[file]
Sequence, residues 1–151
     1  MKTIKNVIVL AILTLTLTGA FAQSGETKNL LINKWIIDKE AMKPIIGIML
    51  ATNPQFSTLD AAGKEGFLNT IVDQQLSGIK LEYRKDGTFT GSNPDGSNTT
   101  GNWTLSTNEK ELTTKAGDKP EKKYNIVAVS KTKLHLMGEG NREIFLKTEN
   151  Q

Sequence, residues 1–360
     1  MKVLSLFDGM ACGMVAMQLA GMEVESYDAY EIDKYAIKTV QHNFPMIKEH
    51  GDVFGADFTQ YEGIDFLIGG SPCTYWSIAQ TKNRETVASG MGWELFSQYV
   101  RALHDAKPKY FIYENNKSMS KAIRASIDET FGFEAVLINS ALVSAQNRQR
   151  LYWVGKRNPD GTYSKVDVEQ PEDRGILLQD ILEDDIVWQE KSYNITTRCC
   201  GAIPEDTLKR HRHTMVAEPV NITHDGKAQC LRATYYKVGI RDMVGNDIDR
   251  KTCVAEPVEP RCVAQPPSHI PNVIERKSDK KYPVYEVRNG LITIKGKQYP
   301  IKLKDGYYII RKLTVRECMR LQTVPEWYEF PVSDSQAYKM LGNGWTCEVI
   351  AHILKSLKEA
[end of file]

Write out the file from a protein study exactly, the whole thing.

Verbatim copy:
Sequence, residues 1–151
     1  MKTIKNVIVL AILTLTLTGA FAQSGETKNL LINKWIIDKE AMKPIIGIML
    51  ATNPQFSTLD AAGKEGFLNT IVDQQLSGIK LEYRKDGTFT GSNPDGSNTT
   101  GNWTLSTNEK ELTTKAGDKP EKKYNIVAVS KTKLHLMGEG NREIFLKTEN
   151  Q

Sequence, residues 1–360
     1  MKVLSLFDGM ACGMVAMQLA GMEVESYDAY EIDKYAIKTV QHNFPMIKEH
    51  GDVFGADFTQ YEGIDFLIGG SPCTYWSIAQ TKNRETVASG MGWELFSQYV
   101  RALHDAKPKY FIYENNKSMS KAIRASIDET FGFEAVLINS ALVSAQNRQR
   151  LYWVGKRNPD GTYSKVDVEQ PEDRGILLQD ILEDDIVWQE KSYNITTRCC
   201  GAIPEDTLKR HRHTMVAEPV NITHDGKAQC LRATYYKVGI RDMVGNDIDR
   251  KTCVAEPVEP RCVAQPPSHI PNVIERKSDK KYPVYEVRNG LITIKGKQYP
   301  IKLKDGYYII RKLTVRECMR LQTVPEWYEF PVSDSQAYKM LGNGWTCEVI
   351  AHILKSLKEA